Wolfgang Thaller wolfgang.thaller at
Thu Apr 15 13:36:08 EDT 2004

I think I'm reluctant to accept Dessy as "the" collection framework 
mainly because you're trying to sell a big package of many changes at 
the same time - maybe that's also the reason why no one(?) else 
publicly said "I want Dessy".
Dessy seems to include several new ideas, and I don't want to get them 
all in one package. At a first glance, Dessy seems to include (forgive 
me if I forgot something important):

1) a hierarchy of Collection classes, based on MPTC without FunDeps

2) Implementations to go along with it

3) Lots of "propaganda" against lists and a proposal to change the 
language to remove it's bias towards lists

4) A "Stream" type whose only purpose seems to be to avoid using list 
syntax when the semantics of singly-linked lists are required

5) Some obvious naming changes like head --> first

6) A blasphemous tendency to use underscores in names :-)

People aren't quite done arguing whether the collection classes should 
rather use fundeps, or whether we should have a single-parameter 
Sequence class, etc.

I guess no one has yet even taken a serious look at your 
implementations - but if there was anything wrong with the 
implementations, that could be fixed later.

Number 3 is bound to spark some long discussions; and as it's a major 
(and incompatible) change to the language rather than the libraries, 
it's not going to happen anytime soon. We need a useful sequence 
framework that is used by many people first, only then will you be able 
to convince people that [1,2,3] should denote "a sequence" rather than 
"a list".

Number 4 doesn't make much sense without Number 3.

Number 5 definitely makes sense (although I haven't had a look at all 
of your names yet). It will be painful, though, and there will 
definitely be many people who just write modules with declarations like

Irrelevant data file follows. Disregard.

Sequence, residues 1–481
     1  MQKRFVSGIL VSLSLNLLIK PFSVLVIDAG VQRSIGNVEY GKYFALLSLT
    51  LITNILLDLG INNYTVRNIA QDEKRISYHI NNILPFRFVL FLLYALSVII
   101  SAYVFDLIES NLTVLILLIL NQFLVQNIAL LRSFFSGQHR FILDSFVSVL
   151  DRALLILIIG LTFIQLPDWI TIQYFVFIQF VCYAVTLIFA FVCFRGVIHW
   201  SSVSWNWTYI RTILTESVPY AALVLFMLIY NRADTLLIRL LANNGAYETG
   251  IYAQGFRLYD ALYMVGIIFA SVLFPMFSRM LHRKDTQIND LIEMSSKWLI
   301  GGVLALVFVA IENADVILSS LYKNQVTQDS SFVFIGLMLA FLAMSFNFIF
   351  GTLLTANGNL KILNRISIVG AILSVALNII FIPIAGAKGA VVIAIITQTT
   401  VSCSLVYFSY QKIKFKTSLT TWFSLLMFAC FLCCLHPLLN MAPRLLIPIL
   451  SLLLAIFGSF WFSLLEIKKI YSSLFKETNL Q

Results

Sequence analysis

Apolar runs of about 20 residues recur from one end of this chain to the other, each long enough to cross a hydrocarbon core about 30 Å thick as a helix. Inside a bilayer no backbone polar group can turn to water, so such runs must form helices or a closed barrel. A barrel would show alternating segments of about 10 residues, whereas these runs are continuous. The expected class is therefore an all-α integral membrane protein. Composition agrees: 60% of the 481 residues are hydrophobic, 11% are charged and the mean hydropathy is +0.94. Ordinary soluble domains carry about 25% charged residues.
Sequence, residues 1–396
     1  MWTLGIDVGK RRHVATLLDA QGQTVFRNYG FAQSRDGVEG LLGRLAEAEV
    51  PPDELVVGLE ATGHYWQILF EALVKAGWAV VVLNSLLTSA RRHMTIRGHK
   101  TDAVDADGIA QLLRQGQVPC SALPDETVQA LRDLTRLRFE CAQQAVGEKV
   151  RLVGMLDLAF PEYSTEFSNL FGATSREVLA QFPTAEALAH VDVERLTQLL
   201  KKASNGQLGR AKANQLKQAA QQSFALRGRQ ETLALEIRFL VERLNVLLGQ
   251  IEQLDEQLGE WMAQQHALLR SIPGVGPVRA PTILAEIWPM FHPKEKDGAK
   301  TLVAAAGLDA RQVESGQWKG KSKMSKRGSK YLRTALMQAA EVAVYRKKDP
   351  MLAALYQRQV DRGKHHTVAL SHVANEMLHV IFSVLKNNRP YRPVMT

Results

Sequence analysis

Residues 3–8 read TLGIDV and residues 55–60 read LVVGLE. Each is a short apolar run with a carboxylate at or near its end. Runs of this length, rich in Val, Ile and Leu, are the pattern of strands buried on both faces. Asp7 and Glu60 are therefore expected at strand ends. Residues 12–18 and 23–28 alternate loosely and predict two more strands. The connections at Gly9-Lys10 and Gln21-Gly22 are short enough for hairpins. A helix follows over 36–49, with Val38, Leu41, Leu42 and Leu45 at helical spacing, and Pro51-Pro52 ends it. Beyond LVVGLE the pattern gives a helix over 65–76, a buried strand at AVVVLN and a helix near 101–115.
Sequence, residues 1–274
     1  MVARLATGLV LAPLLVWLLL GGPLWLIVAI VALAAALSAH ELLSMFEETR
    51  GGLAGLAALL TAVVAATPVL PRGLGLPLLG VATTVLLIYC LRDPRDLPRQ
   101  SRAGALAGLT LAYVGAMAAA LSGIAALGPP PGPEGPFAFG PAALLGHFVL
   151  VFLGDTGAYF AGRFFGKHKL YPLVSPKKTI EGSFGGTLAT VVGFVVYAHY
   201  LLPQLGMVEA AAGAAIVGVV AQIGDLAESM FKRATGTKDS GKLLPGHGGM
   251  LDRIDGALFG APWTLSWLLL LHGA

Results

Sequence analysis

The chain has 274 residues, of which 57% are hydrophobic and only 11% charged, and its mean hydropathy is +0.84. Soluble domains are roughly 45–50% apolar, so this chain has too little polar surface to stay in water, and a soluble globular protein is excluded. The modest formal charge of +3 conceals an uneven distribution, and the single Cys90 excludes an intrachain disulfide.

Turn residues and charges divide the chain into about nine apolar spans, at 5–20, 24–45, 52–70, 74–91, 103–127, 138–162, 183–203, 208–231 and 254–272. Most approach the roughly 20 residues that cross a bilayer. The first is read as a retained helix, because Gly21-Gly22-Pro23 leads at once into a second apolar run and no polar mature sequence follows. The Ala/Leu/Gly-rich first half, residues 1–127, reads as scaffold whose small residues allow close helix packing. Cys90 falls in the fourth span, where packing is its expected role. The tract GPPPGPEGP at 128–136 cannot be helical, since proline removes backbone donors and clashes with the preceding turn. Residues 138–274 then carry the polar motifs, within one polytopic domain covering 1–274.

"head xs = first xs".

Number 6:
Veto. (OK, I don't have the right to veto anything, but you know what I 

> I'm ready to fight it, even ready to loose it, but since underscores 
> are
> just the better thing (by psychological studies), I'll try to push the
> change.

Aha, proof by appeal to authority ;-). What psychological studies? Who 
did they use as test subjects? UNIX C programmers? Windows C 
programmers? Java programmers? People who have never programmed before? 
For me, code without underscores is definitely more readable, so it 
might just depend on what you are accustomed to.
Also, when you try to push that change, think about how big a change 
you are advocating; it's not about but_first versus butFirst only. If 
the new collection framework is the only place where underscores are 
used in names, then that's bad, because inconsistency is definitely a 
bad thing. We'd have to change the other libraries to match (will all 
the other library maintainers agree to do this?). And I'd have to 
change my code to match. After I've changed my library calls, my own 
function names would look out-of-place. Ugh.
I think you simply can't "change" the naming style used in Haskell. You 
can only either "submit" to the predominant style that has brought us 
relative "harmony" (compared to C), or you can defend the right to use 
your own style in addition to the predominant style. I like the fact 
that almost all Haskell code I come accross uses the same naming style, 
but maybe that's just because it happens to agree with my own 
>> ... why shouldn't the running time of operations on other sequences be
>> defined relative to lists?
> If every programmer has to learn that 'last' takes time O(N) before he
> learns that better implementations exist, this will certainly be no 
> good.

I'd agree soon as point 3) above is "accepted" and the "list bias" in 
the language is removed. As long as we have a language where lists are 
the standard sequence type that appears everywhere, we can safely 
assume that every programmer *will* learn how to use lists before he 
learns about other collection types.

>> Absurdness? Ridiculous? Your language is very strong.
> Yes.  If I wouldn't think the advantages of a democratic approach are 
> very
> big, I couldn't defend such a big change.

Mhm. We seem to have a small clash of cultures here. Down here in 
old-fashioned Austria, calling somebody's opinion both absurd and 
ridiculous in the same sentence is sometimes considered equivalent to a 
personal insult. The mere fact that sensible people have written 
programs that use lots of singly-linked lists proves that it's neither 
absurd nor ridiculous. The "democratic" approach might be a lot better, 
but that doesn't make the old approach ridiculous or absurd.
Sorry for complaining about this, I know I shouldn't be that 



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